Primary Health Counselling Programme
We are a free Primary Mental Health Brief Intervention service that offers counselling support to clients with mild to moderate mental health issues.
We work with the local General Practice teams to improve the health and wellbeing of Coasters. We are a multidisciplinary team of mental health professionals. Each member has the clinical expertise to help you develop your ability to manage stress, regulate your emotions and develop coping skills.
The brief intervention service is confidential. We will not disclose information about you to a third party without your informed consent.
This service can help you with:
- Relieving anxiety and depression, managing stressful situations and understanding change including loss and grief;
- Specific therapies to help you with problem-solving and different ways of thinking, feeling and behaving;
- Information, advice and support about healthy lifestyle;
- Increasing resilience and satisfaction with life;
- Referral and liaison to other health or social service agencies.
Please ask your doctor or nurse if you want to know more about this programme. If you are 12-18 years old please refer to our 'Youth referral form' .http://www.westcoastpho.org.nz/self-referral-forms/youth-mental-health-referral-form
Mental Health Awareness Week is fast approaching! This year's theme is Reimagine Wellbeing Together – He Tirohanga Anamata.
During Covid-19 restrictions, many of us had to reconsider the things we could do to feel good and stay well. Now, we're presented with an opportunity to rediscover together what wellbeing means for us.
So, whether you've got wellbeing tools in your kete to share, or you're looking for new ways to give yourself a boost – we hope you'll join us to reflect on what we've learnt from the hardships of 2020 so far, and to think about how we can Reimagine Wellbeing Together as we move forward.
Mental Health Awareness Week is 21-27 September. If you aren't yet registered, click here to receive announcements on free posters, resources, competitions and more to help you reimagine wellbeing and get involved in the week!
Ngā mihi nui, Mental Health Foundation of New Zealand
Rangimarie's anxiety story
"Someone once told me, heal your spirit first, your mind will follow, and then so too your body."
Rangimarie Mita has struggled with anxiety over the years. In this powerful video he shares his experiences, and speaks about the tools he uses to stay mentally well.
Like many of us, getting out in nature is his 'go to'. What's yours?
A big thanks to our friends at Melon for sharing Rangimarie's story. If you're looking for tools and resources to help rangatahi manage difficult emotions, check out the Melon website.
The mahi that matters to mental health
"The mahi that matters to mental health goes beyond just beds and into transformational change that touches every aspect of our lives. A well-resourced implementation plan will ensure we have better services and that the factors that can cause or contribute to poor mental health – including (but not limited to) poverty, trauma and abuse, racism, and the impacts of criminal justice, housing and employment – can be addressed in a meaningful way."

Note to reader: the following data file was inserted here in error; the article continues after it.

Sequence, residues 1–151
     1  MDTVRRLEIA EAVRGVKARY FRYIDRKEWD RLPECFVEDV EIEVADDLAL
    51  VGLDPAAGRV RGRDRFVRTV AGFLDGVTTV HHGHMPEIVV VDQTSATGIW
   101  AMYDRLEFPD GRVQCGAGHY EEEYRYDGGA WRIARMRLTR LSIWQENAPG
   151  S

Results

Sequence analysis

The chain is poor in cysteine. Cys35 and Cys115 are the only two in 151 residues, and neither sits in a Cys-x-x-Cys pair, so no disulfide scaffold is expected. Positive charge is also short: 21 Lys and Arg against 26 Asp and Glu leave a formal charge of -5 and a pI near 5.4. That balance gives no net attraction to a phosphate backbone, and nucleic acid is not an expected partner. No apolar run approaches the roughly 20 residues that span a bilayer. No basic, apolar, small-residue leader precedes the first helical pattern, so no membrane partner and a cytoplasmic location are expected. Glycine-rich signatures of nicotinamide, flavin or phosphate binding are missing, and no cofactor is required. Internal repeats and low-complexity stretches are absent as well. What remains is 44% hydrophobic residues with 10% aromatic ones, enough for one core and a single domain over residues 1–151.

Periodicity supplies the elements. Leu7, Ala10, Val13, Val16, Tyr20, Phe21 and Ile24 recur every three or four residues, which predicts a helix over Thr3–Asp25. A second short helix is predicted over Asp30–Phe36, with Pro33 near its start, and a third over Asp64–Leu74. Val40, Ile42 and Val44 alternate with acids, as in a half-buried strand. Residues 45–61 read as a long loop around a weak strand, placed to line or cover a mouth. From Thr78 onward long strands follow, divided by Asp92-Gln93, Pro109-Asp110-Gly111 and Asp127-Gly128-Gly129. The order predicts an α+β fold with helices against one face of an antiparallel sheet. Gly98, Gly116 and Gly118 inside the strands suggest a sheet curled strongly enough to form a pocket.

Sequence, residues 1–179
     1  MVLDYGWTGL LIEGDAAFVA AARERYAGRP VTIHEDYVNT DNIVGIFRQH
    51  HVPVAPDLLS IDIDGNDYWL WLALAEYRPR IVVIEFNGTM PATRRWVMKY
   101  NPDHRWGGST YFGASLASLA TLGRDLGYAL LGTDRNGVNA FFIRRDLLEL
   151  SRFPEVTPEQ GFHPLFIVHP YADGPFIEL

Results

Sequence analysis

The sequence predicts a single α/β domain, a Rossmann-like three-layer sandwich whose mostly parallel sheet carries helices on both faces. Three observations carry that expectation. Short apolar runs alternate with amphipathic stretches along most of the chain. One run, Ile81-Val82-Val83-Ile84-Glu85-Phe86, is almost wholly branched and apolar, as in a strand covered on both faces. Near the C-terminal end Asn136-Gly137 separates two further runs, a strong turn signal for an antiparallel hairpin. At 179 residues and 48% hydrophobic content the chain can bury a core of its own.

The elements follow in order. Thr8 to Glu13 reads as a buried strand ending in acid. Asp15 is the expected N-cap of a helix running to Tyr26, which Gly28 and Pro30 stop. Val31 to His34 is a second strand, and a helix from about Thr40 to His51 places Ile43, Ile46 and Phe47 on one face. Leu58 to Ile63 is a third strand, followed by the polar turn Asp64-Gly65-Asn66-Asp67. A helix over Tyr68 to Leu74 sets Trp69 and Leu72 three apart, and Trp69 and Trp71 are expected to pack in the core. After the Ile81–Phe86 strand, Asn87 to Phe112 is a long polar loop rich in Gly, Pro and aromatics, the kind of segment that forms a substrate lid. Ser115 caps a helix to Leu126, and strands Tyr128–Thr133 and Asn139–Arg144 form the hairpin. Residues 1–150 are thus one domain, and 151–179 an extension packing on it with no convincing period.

Managing triggered thoughts and emotions
Most of us have been through tough times recently, and it's important to remember that we all have our own ways of getting through.
If you know someone that's having or had a tough time, make sure you listen to them and really validate their feelings. You might not understand what they're going through, but you can be there for them in a non-judgmental way.
There's no need to 'fix' our manawa pā or be happy all the time, and implying that they have to only adds more pressure to what's already a tough time. As long as your loved one's practices are safe and won't cause them harm, try your best to understand them and support them through.
Want to know more? Read our resource to find some tips from people who've lived and are successfully managing their way through mental distress.
Rugby stars on the importance of connection for wellbeing
As sporting communities continue to reunite post noho rāhui / lockdown, NZ Rugby and its mental health programme, Headfirst, have created a campaign to demonstrate the importance of developing personal connections for our mental fitness and wellbeing.
To launch the Super Rugby Wellbeing Round kicking off this Saturday, a cast of star players are joining Sir Michael Jones to demonstrate that something as simple as a handshake can support our wellbeing.
"It is a bit fun amongst players to share their personalised handshakes, but the message of personal connections that it portrays is really powerful and relevant at this time."
Check out the below video to hear from Sir Michael Jones on why connection is more important now than ever
It's okay to reach out if you need to
If you've noticed you're really not feeling yourself, there is help available. You can free call or text 1737 any time, 24 hours a day. You can also call Lifeline on 0800 543354, the Anxiety Helpline on 0800 269 4389, or text HELP to 4357.
For further tips on how to stay mentally well at the moment, head to this page on our website.